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A cry for dominance

The advent of the Fadnavis government in Maharashtra has been accompanied by new social and political equations that threaten the Marathas’ political hegemony. Hence their huge rallies now

Written by Girish Kuber | Updated: September 26, 2016 12:15:52 am
kopardi rape case, maratha protests, maratha protest rally, maratha rally in ahmednagar, maratha protest congress, india news, indian express, For, Marathas — with 33 per cent of the population — are the strongest of the communities in Maharashtra politically and, to some extent, economically as well.

For nearly three months, Maharashtra has been witnessing a thus far unseen occurrence: Hundreds of thousands of people gather, a march begins, there’s no sloganeering, the crowd walks in complete silence and the gathering ends with handing over of a memorandum to a local government official before it disperses.

So far, 40 such silent rallies have taken place across the state. Organisers call it the Maratha Kranti Morcha (Maratha Revolution Rally). All 40 rallies have had just three demands: Hang those who raped and killed a 14-year Maratha girl in a gruesome incident that took place recently; bring the Maratha community under the reservation category and scrap/amend SC/ST (Prevention Of Atrocities Act), which according to them, is being misused. All three demands appear too innocuous to trigger such a huge protest. City after city in Maharashtra has been watching this rare spectacle.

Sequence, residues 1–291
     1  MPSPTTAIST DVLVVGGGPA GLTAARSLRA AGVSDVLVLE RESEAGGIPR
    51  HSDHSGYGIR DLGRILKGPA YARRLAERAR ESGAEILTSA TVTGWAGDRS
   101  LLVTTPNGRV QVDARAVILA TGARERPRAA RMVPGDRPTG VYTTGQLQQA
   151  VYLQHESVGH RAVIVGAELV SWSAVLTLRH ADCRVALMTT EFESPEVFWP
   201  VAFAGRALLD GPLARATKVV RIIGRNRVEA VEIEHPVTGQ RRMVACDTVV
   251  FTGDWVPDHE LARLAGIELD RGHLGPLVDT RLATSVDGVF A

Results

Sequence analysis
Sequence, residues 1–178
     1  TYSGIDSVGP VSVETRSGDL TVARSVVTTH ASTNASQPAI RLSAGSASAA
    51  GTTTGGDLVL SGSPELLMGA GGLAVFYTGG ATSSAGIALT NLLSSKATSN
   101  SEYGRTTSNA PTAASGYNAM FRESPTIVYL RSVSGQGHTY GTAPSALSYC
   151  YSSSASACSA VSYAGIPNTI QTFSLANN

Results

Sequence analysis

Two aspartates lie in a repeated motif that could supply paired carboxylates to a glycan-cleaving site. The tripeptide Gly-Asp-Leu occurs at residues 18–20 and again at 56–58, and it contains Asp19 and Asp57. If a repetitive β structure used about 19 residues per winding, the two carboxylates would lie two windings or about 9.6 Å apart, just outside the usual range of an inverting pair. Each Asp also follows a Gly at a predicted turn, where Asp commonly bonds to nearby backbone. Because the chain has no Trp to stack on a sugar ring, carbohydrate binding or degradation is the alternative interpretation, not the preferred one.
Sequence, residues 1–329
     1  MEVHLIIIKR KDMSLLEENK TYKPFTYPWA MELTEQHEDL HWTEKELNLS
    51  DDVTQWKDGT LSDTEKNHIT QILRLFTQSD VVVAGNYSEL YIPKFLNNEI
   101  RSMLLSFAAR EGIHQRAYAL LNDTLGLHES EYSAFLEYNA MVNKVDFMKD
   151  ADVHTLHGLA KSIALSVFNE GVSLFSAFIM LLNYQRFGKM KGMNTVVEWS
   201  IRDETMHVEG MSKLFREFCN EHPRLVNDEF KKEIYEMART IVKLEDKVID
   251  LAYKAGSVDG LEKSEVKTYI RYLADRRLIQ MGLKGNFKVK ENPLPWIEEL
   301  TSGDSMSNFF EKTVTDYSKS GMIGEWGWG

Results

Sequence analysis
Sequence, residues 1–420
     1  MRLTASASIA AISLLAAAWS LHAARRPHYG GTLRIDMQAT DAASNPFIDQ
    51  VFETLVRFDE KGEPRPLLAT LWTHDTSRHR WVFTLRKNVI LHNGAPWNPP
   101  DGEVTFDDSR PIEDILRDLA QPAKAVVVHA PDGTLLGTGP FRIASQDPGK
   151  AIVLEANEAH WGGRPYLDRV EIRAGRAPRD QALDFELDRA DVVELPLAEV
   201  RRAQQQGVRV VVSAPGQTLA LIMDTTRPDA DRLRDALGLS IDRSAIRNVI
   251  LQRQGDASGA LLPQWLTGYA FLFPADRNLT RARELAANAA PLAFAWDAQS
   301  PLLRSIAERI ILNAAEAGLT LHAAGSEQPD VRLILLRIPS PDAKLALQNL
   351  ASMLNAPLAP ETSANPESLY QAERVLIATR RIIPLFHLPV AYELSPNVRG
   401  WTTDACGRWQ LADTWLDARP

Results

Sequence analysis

It’s rare in many ways. For, Marathas — with 33 per cent of the population — are the strongest of the communities in Maharashtra politically and, to some extent, economically as well. Ten out of the 16 chief ministers of the state have been from the Maratha community. Marathas have dominated the social space as well: The entire cooperative movement was led by Marathas and Maharashtra has one of the strongest networks of district cooperative banks which are predominantly led by Marathas. Control over the banking and cooperative movement opened up another area for politicians to spread their influence — education. Most private and deemed universities in the state are founded and run by Marathas, be it the Bharati Vidyapeeth or D.Y. Patil University or the Pravara Institute Of Medical Sciences. Access to resources and opportunities was never an issue for the community.

Then why should Marathas feel deprived? And why should this community, historically of warriors, hit the streets, asking for reservations? The answer lies in the slipping away of their political space with the advent of the BJP, whose emergence has been accompanied by fresh social and political equations, which endanger the Marathas’ political hegemony. However, the situation is more complex than it appears because the Maratha community is the single largest community within the BJP as well. More than half the BJP’s legislators in the state are Marathas. The community has an equally strong presence in Chief Minister Devendra Fadnavis’s cabinet. Despite this, Marathas in the BJP are not happy. Though they constitute the largest caste base in the BJP, they are not part of decision-making. It’s not just that Devendra Fadnavis is a Brahmin — only the second Brahmin to lead the state since 1960. Marathas don’t have a say in running the government or the party. This explains why the BJP’s state unit chief, Raosaheb Danve, has made it a point to mark his presence at Maratha rallies. And so has Ashok Chavan, the Congress veteran and former chief minister, along with many others from the NCP.